We all know that height is highly heritable (about 0.8 according to my memory). Less well known is that BMI and muscle strength are very heritable too, at 0.5-0.6, according to this. This is somewhat counterintuitive in that common sense in some sense tells us that BMI can be reduced by not eating unhealthy and exercising, and similarly, that everyone can grow muscle from working out with the correct form. Well, it appears that the ability to do so is highly heritable. It conforms to my observation of the sheer difficulty with which overweight people have with gastronomic self control and of the rarity with which physical clumsiness changes within people.
This reminds me of an analogous cognitive characteristic. On the cognitive end, a similarly high level of heritability for vocabulary is similarly counterintuitive (it was to me too, before I had developed some basic psychometric intuition). Isn’t vocabulary memorized, learned? Yes but some people learn it much more naturally than others, and actually retain it. There is, I hypothesize, some neurobiological mechanism that more or less determines the capacity for storing vocabulary. From my personal experience vocabulary is much more about recognition of analogies than about memorization. With the former, the latter is hardly needed to obtain a sizable vocabulary. I also believe analogies are universal, independent of the language in which they are represented; this is largely supported by the fact that the two languages I know well, English and Chinese, share more often than not the same analogies for different definitions of characters/words. A common linguistic construction of semantic units in both, for instance, is the extension of concrete to abstract. So different cultures, with different languages, more or less discovered the same analogies for construction of their respective languages. All this suggests some faculty in the brain, that one has to some degree or another, linked with general ability to discern analogies, that is manifested through vocabulary size, a direct consequence of that ability.
As an FYI, this is personal speculation of a quasi-educated nature. I say quasi because I am constructing an explanation most rational based on my personal knowledge, which is very limited, my having at the present moment not even passing knowledge of linguistics or neuroscience, which I hope to obtain on a gradual basis.
I read it a couple days ago and actually remembered it this time in a way that I will never forget it. It invokes Euclid’s lemma, which states that if for prime, then or , which can be proved using Bezout’s lemma. For existence, it does induction on the number of factors, with as the trivial base case. For the non base case, wherein our number is composite, apply the inductive hypothesis on the factors. For uniqueness, assume two distinct factorizations: . By Euclid’s lemma, each of the s divides and is thus equal to one of the s. Keep invoking Euclid’s lemma, canceling out a prime factor on each iteration and eventually we must end with in order for the two sides to be equal.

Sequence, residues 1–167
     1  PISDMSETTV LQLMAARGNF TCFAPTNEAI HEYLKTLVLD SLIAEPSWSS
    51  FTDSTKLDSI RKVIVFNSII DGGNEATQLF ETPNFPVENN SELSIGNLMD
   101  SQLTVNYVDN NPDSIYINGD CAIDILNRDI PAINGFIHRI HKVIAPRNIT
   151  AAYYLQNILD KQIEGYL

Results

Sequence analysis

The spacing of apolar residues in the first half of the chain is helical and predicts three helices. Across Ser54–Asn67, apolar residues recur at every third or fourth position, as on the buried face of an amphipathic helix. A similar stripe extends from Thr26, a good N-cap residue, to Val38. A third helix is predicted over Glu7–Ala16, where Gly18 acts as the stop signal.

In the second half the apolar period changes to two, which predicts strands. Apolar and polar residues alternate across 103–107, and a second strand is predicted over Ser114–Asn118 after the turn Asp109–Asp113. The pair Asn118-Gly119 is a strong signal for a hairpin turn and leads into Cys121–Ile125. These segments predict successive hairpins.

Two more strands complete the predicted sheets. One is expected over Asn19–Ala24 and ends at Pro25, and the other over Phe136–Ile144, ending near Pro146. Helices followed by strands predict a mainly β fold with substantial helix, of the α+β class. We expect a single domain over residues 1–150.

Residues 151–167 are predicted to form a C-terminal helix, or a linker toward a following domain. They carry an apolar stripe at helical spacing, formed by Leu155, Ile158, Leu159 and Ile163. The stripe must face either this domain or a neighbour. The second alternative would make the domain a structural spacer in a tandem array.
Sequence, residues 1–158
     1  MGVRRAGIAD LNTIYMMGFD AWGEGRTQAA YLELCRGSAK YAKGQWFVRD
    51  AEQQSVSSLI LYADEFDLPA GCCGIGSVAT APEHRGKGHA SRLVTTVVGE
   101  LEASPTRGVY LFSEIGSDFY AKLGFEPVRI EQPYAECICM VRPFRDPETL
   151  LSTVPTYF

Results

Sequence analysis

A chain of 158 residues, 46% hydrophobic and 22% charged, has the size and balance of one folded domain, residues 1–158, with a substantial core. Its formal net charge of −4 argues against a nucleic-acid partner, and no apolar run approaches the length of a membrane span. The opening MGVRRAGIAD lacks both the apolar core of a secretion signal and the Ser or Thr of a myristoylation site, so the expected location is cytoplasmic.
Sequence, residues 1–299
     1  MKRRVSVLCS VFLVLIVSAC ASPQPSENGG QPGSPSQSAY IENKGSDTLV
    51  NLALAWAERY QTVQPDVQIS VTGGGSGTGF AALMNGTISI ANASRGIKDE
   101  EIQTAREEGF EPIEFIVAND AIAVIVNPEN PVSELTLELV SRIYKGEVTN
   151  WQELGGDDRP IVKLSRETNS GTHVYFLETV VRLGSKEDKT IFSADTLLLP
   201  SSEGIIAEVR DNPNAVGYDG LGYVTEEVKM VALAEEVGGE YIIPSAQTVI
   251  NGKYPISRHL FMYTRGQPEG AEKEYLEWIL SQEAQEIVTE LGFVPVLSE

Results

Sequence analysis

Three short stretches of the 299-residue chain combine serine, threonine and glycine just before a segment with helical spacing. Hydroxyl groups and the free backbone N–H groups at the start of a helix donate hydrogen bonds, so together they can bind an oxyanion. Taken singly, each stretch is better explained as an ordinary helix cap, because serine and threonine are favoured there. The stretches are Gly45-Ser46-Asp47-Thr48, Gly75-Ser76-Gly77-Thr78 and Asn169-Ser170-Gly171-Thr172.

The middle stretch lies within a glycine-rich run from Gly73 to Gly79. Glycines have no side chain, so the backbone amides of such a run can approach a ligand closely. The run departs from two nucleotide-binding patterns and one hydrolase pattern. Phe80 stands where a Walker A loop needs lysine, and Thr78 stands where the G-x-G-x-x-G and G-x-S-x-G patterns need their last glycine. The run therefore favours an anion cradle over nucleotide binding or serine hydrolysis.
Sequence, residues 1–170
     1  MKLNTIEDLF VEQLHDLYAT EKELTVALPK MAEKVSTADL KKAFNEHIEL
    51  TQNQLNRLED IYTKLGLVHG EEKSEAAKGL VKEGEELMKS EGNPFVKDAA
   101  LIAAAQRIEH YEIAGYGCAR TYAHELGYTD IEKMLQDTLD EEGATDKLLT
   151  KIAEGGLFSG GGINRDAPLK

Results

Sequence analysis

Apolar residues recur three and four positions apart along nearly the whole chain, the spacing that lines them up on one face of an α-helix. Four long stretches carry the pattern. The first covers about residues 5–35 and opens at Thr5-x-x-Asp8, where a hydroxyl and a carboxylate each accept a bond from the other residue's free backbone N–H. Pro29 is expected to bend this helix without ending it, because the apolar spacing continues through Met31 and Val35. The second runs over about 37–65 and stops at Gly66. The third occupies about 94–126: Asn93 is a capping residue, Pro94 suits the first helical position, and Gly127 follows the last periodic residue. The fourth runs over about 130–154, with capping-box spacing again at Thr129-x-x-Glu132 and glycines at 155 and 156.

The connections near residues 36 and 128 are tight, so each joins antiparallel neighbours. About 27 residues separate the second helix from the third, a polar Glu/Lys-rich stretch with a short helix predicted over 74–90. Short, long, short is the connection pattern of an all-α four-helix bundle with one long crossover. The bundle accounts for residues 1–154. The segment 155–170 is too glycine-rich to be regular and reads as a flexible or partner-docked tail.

所听的，我能想到的有：москва майская, москва-пекин, прощание славянки, подмосковные вечера, марш защитников москвы, в путь, 等等。这些无论是其音乐还是其歌词艺术质量都很高。我认为一个人可以不喜欢这些歌代表的苏联的政治那一套，但是很难从一个纯粹艺术角度上低评它，就像一个天才可能是个asshole，但是这并不改变他是天才的现实。在这里边，对我印象比较深的是在《莫斯科-北京》里，还有，若我没判断错，郭沫若的镜头。另一位出现的我记得的好像是胡乔木，但这我不能太肯定。
Today, I solved one from the Cracking the AP Physics C Exam 2008 Edition, which I had bought in high school. It is
Questions (c), (d), and (e) are not included. They are to determine the relationship between the magnitude of the acceleration of the block and the linear acceleration of the cylinder, to determine the acceleration of the cylinder, and to determine the acceleration of the block respectively. It is obvious that from (b) that the magnitude of the acceleration of the block is twice the linear acceleration of the cylinder, and the answer to (e) can be derived from that of (d) via this. As for (d), I first solved it with a free body diagram and Newton’s laws. Then, my ultra gifted friend Brian Bi suggested using the Euler-Lagrange equations, which simplifies things greatly, to the extent that he characterized himself as having forgotten how to solve mechanics problems the way I had done (obviously not true, but you get what he’s saying). I was able to work it out this way shortly, getting the same answer.
Note: I left overlooked the coefficient initially and only filled it in at the end. It is still omitted in some of the intermediate equations.
I plan, hope to be writing out here a miscellany of thoughts and musings pertaining to my intellectual interests, which can be roughly divided into a primary one, which is pure math and other topics of a mathematical nature, and secondary ones, which, of the ones I can think of now, are Chinese language, language (in general), psychometrics, neuroscience, and stories of scientists and of unusual people of one form or another.